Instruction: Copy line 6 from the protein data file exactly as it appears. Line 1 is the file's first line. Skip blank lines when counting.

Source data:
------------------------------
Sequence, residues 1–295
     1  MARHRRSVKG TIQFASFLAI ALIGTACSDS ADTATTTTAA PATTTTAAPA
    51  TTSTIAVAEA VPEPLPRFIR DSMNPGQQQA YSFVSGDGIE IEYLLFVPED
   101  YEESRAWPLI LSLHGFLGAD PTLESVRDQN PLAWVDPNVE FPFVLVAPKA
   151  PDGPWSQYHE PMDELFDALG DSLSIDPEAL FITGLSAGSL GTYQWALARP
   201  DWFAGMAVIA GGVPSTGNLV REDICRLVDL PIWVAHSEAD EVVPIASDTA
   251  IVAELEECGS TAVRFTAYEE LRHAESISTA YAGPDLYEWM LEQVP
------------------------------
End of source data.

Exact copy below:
   201  DWFAGMAVIA GGVPSTGNLV REDICRLVDL PIWVAHSEAD EVVPIASDTA